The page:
Money matters when it comes to writing, especially if you're planning on doing it full time. But if you think that writing children's books is the easiest way to quit the day job, then you may be setting yourself up for disappointment. For every JK Rowling or Julia Donaldson, there are tens of thousands of authors who are writing for love rather than money.
First the Official Numbers
The Bureau of Labor Statistics is the official government resource for all things salary-related. BLS gathers data for writers and authors, a category that includes children's authors. The median salary – that's the salary in the middle when ranked highest to lowest – was $63,200 in May 2019. The lowest 10 percent earned less than $33,660, while the highest earners made more than $122,450. Bear in mind that novelists, magazine writers, sportswriters, copywriters, biographers, screenwriters, bloggers and other writers are included in this category. The figures are interesting, but they don't really tell us what children's authors are earning.
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Publishing the Traditional Route
The traditional path to publication involves finding a children's book agent who'll hawk your book around the various publishing houses and negotiate the best deal on your behalf. Finding an agent is often the toughest part of the job – besides researching the market, coming up with a marketable idea, hiring an illustrator and writing and editing your book!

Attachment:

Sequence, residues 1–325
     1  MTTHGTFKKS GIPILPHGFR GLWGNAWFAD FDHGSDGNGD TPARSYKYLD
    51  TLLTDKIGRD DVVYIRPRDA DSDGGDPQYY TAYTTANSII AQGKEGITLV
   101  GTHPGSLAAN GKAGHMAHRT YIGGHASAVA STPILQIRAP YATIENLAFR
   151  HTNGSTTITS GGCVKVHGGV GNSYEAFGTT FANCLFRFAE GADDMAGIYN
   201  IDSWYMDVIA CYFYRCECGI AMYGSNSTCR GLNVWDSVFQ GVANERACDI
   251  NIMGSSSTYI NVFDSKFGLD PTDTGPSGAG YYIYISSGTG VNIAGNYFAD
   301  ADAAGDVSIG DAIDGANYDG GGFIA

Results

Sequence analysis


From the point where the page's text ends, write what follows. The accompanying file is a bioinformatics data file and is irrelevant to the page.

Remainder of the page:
Children's authors who choose the traditional route can expect an advance of between $1,000 and $10,000 for their book, plus royalties for every copy that sells. Royalties vary between publishers, but you can expect somewhere around 5 to 7 cents on the dollar for printed books and up to 25 cents on e-book sales. The more you sell, the more you earn.
Selling Children’s Books Online
Self-publishing offers a different route into publishing, and one that gives authors more creative control. Digital formats lead this sector, with most people choosing to sell their books on the Kindle Store. Authors get up to 70 percent royalties on this platform if their book is priced reasonably, and the major attraction is that you get to keep all these royalties – there's no agent to take a 15 percent cut from your earnings.
Again, your income will depend on how many books you sell. With 70 percent royalties, for example, you'll make $2 from every book priced at $2.99. That means you're going to have to sell 30,000 copies of your book to pull in revenues of $60,000 per year gross – and research expenses, promotional costs, illustration, cover design and other expenses will eat away at that headline figure.
Making this volume of sales is no walk in the park. Getting your name out there can be tough when you don't have a major publishing house behind you to help drive your sales.
Putting It All Together
Theoretically, you can make millions from writing children's books. Jeff Kinney, the author of "Diary of a Wimpy Kid," made $19.5 million in 2016, reports Forbes. JK Rowling and Rick Riordan were not far behind.
Outside of the big names, however, writing is rarely a full-time job. Data from the Author's Guild 2018 Author Income Survey suggests that only 21 percent of full-time published authors derived 100 percent of their income from book sales – the rest had other jobs. The median income for full-time authors was $20,300 in 2017 according to this survey, and roughly 25 percent of authors surveyed earned nothing from their book writing at all.